Giant signs taking over lawn has rest of neighborhood upset
KANSAS CITY, Mo. (WDAF) -- Imagine living in your calm, quiet neighborhood for years, then have new neighbors move in and put out multiple, giant signs on their front yard.
Neighbors say the lawn of one Northland home is an eye sore and they want the signs gone.
"I was horrified, that I had to walk out my front door every day and see this gibberish, is what I call it," says Jeanna Green, who has lived in her home for 35 years.
She lives across the street from a home with many, many signs.
"It's an eyesore for one thing, it depreciates our property value," Green adds.
She says these people moved in almost four years ago, and the signs showed up about a year ago -- but the amount is growing.
"A new sign goes up every day -- bigger, bolder," says Green.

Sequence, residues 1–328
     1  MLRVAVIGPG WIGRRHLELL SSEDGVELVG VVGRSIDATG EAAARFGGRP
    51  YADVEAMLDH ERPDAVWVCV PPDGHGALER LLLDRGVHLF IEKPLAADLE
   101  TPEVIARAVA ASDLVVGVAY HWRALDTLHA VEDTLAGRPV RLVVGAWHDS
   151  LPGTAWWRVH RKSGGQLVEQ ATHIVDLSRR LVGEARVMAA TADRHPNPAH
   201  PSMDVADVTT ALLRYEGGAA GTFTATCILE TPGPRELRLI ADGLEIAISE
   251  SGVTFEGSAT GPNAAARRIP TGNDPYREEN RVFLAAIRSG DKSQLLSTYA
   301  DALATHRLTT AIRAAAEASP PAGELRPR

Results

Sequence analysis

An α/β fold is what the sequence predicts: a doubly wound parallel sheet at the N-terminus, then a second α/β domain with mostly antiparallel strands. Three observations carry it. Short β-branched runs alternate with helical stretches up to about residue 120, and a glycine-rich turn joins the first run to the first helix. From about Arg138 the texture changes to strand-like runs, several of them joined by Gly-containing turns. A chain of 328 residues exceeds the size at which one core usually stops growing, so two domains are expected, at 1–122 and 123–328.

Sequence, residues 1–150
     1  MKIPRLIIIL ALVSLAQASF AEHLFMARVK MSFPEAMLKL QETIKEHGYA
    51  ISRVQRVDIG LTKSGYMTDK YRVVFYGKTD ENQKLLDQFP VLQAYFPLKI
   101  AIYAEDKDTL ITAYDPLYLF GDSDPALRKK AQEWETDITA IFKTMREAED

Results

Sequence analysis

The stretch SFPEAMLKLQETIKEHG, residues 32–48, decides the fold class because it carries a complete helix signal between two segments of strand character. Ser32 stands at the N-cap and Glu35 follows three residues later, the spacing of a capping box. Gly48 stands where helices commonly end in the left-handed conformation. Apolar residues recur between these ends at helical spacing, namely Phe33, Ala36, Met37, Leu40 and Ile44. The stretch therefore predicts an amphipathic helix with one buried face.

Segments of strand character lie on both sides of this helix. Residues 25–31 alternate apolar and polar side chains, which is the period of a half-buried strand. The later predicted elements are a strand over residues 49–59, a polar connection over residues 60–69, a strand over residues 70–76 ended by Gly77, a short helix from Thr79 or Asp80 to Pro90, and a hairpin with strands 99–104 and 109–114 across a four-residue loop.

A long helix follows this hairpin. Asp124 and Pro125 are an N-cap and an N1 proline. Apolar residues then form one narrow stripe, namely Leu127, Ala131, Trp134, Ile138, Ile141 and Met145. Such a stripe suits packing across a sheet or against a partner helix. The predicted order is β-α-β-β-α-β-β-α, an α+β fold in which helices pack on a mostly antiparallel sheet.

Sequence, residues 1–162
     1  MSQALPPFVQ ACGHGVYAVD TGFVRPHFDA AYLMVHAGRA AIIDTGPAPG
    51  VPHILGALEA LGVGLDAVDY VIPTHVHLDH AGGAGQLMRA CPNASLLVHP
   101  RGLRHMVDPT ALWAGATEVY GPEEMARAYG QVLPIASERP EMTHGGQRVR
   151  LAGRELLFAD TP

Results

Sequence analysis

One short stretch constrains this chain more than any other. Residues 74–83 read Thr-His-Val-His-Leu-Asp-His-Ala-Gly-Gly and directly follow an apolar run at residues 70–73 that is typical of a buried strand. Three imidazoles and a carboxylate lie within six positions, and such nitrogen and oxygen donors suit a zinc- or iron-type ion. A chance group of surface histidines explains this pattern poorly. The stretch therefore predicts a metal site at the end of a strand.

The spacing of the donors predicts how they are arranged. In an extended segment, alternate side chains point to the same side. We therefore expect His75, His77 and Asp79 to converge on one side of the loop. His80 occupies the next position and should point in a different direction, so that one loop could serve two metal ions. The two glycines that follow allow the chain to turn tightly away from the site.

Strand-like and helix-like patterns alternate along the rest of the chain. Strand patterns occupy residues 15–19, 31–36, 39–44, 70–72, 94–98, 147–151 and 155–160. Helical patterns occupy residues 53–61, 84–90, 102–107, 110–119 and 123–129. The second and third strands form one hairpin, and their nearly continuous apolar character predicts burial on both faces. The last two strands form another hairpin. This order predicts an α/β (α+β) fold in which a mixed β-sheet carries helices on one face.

Green says she along with many other neighbors have tried talking to the residents and the city, but were told there's nothing they could do.
"They told one neighbor to deal with it, they told another to get used to it," adds Green.
FOX4 also tried knocking on the door to speak with the residents, but no one answered.
Kansas City spokesman Chris Hernandez says the property owner, who leases out this home, has received a notice of violation.
"And that's simply saying that hey, we had a complaint, we came out and took a look, here's the problem, if you go ahead and fix it, when we come out to reinspect and take a look, if everything fine, end of story, we close the case," says Hernandez, who says the city regulates signage.
"You can have signs on your personal property, but there is a regulation about the size of the signs," he adds, "Having no more than two signs or 16 square feet."
He says if the resident were to reduce the number and size of the signs, he could have signs in his front yard.
"It makes our block look horrible, I mean, who would want to live here?" Green says.
The owner of this house who is out of town says he has told the current tenants to take the signs down after receiving the notice.
He says they must be taken down by July 22nd.
If not, Hernandez says an inspector can issue a citation – they'll either have to pay or go to court.